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Legend Of Onam-Rituls Of Onam-Onam Games-Image Of Boat Race


Legend Of Onam

Facts and fables blend as Kerala celebrates this royal return, year after year with the festivities of Onam. Legend has it that the gods plotted against Mahabali to end his reign. For this they sent Lord Vishnu to earth in the form of a dwarf Brahmin. [Read the full story] But before being trampled down to the netherworld, Vishnu granted the king's sole wish: To visit his land and people once every year.

Story goes that during the reign of mighty asura (demon) king, Mahabali, Kerala witnessed its golden era. Every body in the state was happy and prosperous and king was highly regarded by his subjects. Apart from all his virtues, Mahabali had one shortcoming. He was egoistic. This weakness in Mahabali's character was utilized by Gods to bring an end to his reign as they felt challenged by Mahabali's growing popularity. However, for all the good deed done by Mahabali, God granted him a boon that he could annually visit his people with whom he was so attached.



Rituls Of Onam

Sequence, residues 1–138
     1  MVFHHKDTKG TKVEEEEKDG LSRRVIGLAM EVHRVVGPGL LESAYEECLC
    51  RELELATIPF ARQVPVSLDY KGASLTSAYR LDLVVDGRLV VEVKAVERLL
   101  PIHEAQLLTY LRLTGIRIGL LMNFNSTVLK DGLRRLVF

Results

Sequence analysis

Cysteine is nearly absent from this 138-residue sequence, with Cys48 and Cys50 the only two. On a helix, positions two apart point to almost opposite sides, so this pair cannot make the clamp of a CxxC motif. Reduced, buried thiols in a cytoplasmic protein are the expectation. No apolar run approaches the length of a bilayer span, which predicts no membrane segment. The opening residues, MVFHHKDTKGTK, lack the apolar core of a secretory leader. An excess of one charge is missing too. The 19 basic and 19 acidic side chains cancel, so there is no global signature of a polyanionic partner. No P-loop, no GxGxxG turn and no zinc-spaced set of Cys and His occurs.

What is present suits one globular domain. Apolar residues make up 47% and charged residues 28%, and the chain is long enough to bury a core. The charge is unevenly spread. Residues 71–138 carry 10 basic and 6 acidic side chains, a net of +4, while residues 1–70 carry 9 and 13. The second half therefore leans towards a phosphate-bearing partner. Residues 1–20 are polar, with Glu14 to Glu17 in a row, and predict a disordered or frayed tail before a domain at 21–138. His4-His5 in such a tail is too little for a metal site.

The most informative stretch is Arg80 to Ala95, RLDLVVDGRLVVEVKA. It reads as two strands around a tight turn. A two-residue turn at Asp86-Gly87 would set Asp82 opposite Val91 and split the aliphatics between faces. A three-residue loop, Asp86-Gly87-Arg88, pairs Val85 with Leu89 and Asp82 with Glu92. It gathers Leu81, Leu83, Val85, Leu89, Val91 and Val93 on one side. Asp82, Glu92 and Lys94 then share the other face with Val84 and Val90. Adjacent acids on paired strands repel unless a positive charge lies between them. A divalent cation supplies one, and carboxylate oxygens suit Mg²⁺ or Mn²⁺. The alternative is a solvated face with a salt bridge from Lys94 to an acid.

Onam is the most important festival in Kerala and people of Kerala start preparing for Onam days ahead. Although the festivities for Onam last for ten days the two most important days of the festival are the first day and the last or the tenth day.
The first day or Atham is considered as an auspicious day by the people of Kerala as it marks the beginning of Onam. The most important feature of this day is the making of pookalam (floral carpet) which is made by the girls of the house while the boys gather fresh flowers required to make a pookalam.
The pookalam is made in order to welcome the spirit of King Mahabali in whose honour the festival of Onam is celebrated. Everyday fresh flowers are added to the pookalam design resulting in a huge flower carpet on the tenth day.
After offering their morning prayers people sit down to enjoy the scrumptious breakfast of steamed bananas and fried pappadam. This is a fixed breakfast during the ten days of Onam festivities.